My Daughter's 'Summer of Serendipity' After a Spinal Cord Injury


My daughter Beth was 17 years old at the end of her junior year of high school. Three
years had passed since her spinal cord injury (C6-7) in May of 2000. The direction of her life was about to change — again. She led and I followed.

First finals and first Paralympic American Record:

During therapy in the rehab pool, Beth had learned how to float. When she could barely swim the backstroke, she joined a team. To start the summer of 2003, Beth and I took turns driving from our small town in Ohio to Minneapolis for USA Swimming Disability Championships. She qualified for finals and earned her first S3 Paralympic American Record in the 200-meter backstroke. A year before, she had not been strong enough to swim nonstop for 200 meters.

First East Coast college visit:

On the open road again, heading east instead of west, we sang along with Beth’s CD mixes on the way to Baltimore to tour Johns Hopkins University. She had a short list of possible colleges with strong biology programs, all out of state. Before the accident, we had assumed she would go to college in Ohio.

First Junior National Disability Championships:

Beth had planned for the week-long event in Connecticut. Hundreds of kids gathered from across the country. At the table tennis competition, she won several games after experimenting with a better way to grip the paddle. On a free day, we ate lunch at Mystic Pizza, surrounded by memorabilia from the 1988 movie with the same name. Beth bought “A Slice of Heaven” T-shirt and rated it the best pizza, ever. Equally exciting, we found the fifth Harry Potter book, “The Order of the Phoenix,” to add to her collection. Her happiness was contagious.

We sat on a picturesque waterfront on a flawless sunny afternoon. An easy traveler, Beth tilted her face upwards, closed her eyes, and smiled. I hugged her and she softly patted my back, a habit from her toddler days. In a clear moment, I understood that I no longer needed to worry about her future.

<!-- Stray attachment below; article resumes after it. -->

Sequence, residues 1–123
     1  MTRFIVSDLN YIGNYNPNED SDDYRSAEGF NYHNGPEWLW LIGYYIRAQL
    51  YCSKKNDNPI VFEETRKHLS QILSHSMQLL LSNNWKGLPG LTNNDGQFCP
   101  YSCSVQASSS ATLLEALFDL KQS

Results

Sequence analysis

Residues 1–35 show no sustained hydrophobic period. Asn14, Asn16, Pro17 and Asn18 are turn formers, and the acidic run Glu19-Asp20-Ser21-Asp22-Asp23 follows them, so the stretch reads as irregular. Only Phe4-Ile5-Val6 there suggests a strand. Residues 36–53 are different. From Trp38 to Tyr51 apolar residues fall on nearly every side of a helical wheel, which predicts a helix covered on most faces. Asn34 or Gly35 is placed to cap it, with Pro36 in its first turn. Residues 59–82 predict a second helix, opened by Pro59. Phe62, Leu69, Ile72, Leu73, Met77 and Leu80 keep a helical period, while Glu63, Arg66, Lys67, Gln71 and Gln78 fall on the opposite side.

The day of the swim competition, wheelchairs crowded the pool deck. During Beth’s races, I walked alongside her on the deck. I pretended to be a coach by waving my arms, the signal to kick harder, to make her laugh. She couldn’t move her legs.

Junior Nationals ended with a dance in a packed ballroom, a place where no one was different and no one was the same. Beth danced carefree in her wheelchair in the middle of it all.

First time in Cambridge, Massachusetts:

Before we drove home, my daughter requested a last-minute stop to a college not on her list of possibilities. “I toured the Harvard campus,” she said, “and just fell in love with it.”

First Youth Leadership Forum:

I dropped Beth off at the Ohio Youth Leadership Forum for five parent-free days with other students with a disability. I thought she would be reluctant to request help and be frustrated. I was right about asking for help, but wrong about her response. For Beth, the forum was empowering and a big step towards independence. She said it was the best week of her life! I smiled, glad to hear it but sure that many others would be even better.

First time flying first-class, first passport stamp, first international medals:

Beth was invited to a Canadian meet in August with the U.S. Paralympic National Team. She packed her brand-new passport. For our flight to Edmonton, Alberta, a clerk upgraded our tickets to first class, introducing us to warm hand towels and extra service on the eight-hour flight.

Competing with several S3 swimmers from other countries, Beth earned two silver and two bronze medals. After the meet, she was surprised to be named to the U.S. Paralympic National Swim Team — for the first time.

In a colorful summer scrapbook, Beth listed 15 notable firsts, including her first swim practice in the rain, her first concert without supervision, her first part-time job in an office, and her first tuna fish and cucumber sandwich. However, the very best was wheeling around Harvard, the college that would change Beth’s world. It was a summer of serendipity.

Read more at www.strugglingwithserendipity.com.

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